Oh dear, I may have taken my teasing of Aoibheann a little too far this last night. The evening started well enough, with her asking if there was a way to find out how to spell words, other than asking me. So, at last I got an opportunity to give her the dictionary. Later, however, I may have teased her about the bird man, Damion; I think she said his name was, a bit too much. Gwyn and I both made jokes about it and she went off in a bit of a huff. We tried to explain that we were just being protective and teasing, but this did not seem to lighten her mood. I have to admit, that I have felt occasionally that my jokes about her cooking and other things were a bit too much for her. I will leave her a note of apology later, if I do not see her. Gwyn, at least, did enjoy my suggestion that if he trespassed with her, we would introduce him to sage and onion stuffing. Fortunately, that remark went over Aoibheann’s head.
The chained man, Bound, was there, as was Cristof. Bound made comment about birdmen being something different from shape-shifters who change into birds. The former, apparently, being rather unpleasant creatures who do not like men, except as food, with a preference for eyeballs as snacks. Cristof agreed, so I guess they have met creatures I have not. We agreed that Damion, whatever he was, was a shifter or were-creature, rather than one of these birdmen.
The child, Luna, turned up. From observation, she appears to be talking to her mother all the time, even in the absence of said mother. Who knows quite what tragedy befell her to bring this about. She sat herself down at the bar and demanded strawberry pudding, various other things and carrots carved with angry faces. Eventually, we persuaded her to settle for a plate of Aoibheann’s magic potatoes, without face carvings. She proceeded to take these to a table and eat them one at a time, after naming each one. I swear she named one after me, but I could have mis-heard. I don’t know if she actually knew my name. She ate her food and left, still chatting to the invisible mother.
The child seemed to provoke some reaction in Bound, maybe some memory he has of children. I heard him mention a name – Leanna. I wonder if that is some child of his, from his past. He did venture a small portion of his story. I had referred to him as Mr Bound at one point, and he disclaimed that title as being something he was not worthy of. I told him that so far as I was concerned, although he appeared to not have received much in the way of dignified treatment before he came to Jasper Cove, I was prepared to afford him the dignity of that title. I also suggested that perhaps Gwyn and I could come up with a more dignified name, rather than the descriptive one of Bound.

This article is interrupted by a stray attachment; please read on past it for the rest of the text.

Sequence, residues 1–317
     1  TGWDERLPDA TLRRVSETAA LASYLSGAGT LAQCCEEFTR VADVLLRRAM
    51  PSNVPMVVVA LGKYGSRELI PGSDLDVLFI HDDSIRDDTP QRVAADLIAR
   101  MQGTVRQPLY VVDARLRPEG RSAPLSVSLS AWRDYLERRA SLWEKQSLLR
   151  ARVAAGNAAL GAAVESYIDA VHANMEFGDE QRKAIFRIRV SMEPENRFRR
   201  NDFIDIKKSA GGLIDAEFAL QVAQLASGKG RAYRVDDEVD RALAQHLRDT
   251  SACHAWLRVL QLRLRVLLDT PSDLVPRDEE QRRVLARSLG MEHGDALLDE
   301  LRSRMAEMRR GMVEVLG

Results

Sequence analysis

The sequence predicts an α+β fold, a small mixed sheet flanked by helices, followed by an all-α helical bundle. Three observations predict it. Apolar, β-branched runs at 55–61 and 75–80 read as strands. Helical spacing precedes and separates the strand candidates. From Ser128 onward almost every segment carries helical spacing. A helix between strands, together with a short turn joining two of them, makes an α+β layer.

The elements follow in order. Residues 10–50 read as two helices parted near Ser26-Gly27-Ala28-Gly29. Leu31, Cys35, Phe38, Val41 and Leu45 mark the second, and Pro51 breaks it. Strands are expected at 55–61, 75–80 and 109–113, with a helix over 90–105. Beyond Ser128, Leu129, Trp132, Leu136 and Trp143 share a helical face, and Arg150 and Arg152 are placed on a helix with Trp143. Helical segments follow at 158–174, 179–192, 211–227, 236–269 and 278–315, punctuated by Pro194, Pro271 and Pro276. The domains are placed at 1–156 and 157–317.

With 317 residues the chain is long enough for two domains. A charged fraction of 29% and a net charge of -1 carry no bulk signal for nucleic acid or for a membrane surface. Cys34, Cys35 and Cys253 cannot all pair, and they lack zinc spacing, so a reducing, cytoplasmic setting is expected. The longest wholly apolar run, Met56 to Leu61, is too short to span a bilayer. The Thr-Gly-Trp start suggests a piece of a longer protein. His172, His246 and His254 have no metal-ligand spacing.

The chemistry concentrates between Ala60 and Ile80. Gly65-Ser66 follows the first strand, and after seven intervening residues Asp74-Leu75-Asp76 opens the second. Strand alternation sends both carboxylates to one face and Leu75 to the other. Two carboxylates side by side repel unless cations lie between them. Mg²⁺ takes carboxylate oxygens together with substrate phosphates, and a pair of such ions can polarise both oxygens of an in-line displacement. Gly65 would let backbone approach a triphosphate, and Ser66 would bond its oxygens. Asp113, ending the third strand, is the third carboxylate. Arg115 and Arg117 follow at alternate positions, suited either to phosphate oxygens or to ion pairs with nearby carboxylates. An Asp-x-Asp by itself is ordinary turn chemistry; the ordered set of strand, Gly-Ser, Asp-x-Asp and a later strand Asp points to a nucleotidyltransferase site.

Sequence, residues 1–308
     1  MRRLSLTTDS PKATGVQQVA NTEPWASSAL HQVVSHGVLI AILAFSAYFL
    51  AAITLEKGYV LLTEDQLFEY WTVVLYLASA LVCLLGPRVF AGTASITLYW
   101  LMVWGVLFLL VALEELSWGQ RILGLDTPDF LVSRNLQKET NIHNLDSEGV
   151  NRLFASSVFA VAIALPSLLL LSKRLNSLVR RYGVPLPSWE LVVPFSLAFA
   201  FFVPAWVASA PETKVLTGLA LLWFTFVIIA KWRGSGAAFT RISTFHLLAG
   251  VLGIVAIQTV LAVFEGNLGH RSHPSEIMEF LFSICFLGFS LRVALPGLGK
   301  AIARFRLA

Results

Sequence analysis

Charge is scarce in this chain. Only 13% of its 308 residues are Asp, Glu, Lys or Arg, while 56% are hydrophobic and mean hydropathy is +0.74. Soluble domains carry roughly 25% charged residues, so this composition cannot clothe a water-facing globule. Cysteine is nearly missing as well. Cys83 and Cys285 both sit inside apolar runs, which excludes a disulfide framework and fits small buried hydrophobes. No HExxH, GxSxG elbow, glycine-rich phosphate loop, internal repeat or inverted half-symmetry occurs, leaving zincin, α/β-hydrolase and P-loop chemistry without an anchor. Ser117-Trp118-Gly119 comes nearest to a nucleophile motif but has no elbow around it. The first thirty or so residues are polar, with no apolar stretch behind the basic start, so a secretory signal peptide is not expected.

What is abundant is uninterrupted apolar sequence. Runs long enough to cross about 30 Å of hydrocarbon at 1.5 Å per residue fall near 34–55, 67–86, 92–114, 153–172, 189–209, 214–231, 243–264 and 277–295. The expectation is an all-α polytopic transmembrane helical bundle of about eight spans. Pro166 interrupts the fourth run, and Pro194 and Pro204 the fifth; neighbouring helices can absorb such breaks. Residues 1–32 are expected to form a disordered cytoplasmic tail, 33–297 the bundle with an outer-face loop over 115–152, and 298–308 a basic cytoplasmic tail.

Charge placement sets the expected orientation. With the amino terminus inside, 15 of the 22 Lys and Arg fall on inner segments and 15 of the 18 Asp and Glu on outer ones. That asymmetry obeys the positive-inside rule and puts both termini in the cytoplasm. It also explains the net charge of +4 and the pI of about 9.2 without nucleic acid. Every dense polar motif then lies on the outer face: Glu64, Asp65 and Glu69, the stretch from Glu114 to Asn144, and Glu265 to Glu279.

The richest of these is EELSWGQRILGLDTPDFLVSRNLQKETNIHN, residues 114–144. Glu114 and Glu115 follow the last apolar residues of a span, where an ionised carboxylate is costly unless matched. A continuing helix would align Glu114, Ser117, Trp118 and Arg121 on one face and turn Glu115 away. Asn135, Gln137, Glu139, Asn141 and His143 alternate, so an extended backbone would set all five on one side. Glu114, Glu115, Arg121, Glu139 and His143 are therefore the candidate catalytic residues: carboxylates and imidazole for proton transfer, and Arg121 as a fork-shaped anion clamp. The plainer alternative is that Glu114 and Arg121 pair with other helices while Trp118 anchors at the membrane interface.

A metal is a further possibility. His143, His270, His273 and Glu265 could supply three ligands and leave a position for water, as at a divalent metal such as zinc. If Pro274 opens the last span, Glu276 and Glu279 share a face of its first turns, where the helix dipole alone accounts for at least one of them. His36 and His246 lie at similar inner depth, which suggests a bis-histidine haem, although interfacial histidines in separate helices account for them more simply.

He thanked me and then went on to explain a little of his situation. He was, he told us, the victim of a curse from some goddess of death. He did not explain how she was related to the Imperials that he seems to fear so much. He had been selected for a sacrifice but escaped, and as a punishment, was doomed to live each life in sin, and be reborn, in yet another chain, to be punished again. Both Gwyn and I ventured the opinion that the need for human sacrifice was long past, and was certainly not acceptable here in Jasper Cove. We also ventured the idea that perhaps this goddess of death held no sway here. He stated that it did not matter what he believed; only that she believed in him and she would punish him for his life of sin. Gwyn and I were in agreement again, that whatever sins he had committed; he had committed none in Jasper Cove. He said that his life itself was sin and he was therefore doomed to be punished.
Eventually, I came up with an argument that he would accept. I said that IF it did not matter what he did with this life, then he might as well enjoy it, enjoy the chance that the ferryman gave him and live the life of a free man. I said that IF he was right, i.e. that he was doomed anyway, at least when this goddess of death caught up with him, he would have enjoyed a brief period of a better life until that point. IF, however, Gwyn and I were right, i.e. said goddess held no sway here, then he would continue to have that free life for as long as he chose. Either way, he might as well grasp the opportunity to live the life of a free man while he could. That argument seemed to sink in and he accepted our toast to his new life. I suggested he go make use of the bath house (while smirking a little at what Brigitte might make if she found him in the bath), take a well-earned rest, and get up early to greet the sunrise as the start of his new, better life. He took that on board, finished his drink and went off to enjoy the waters.
Lacking any other customers, and with Gwyn heading off to her bed, I retired to the corner, there to live again in the world of Uther, Igraine and Merlin, thus neatly avoiding working on the world of Edmund Cussons. Aoibheann did not return, so I left her an apologetic note inside a small volume of Blake poems. I do hope I have not upset her.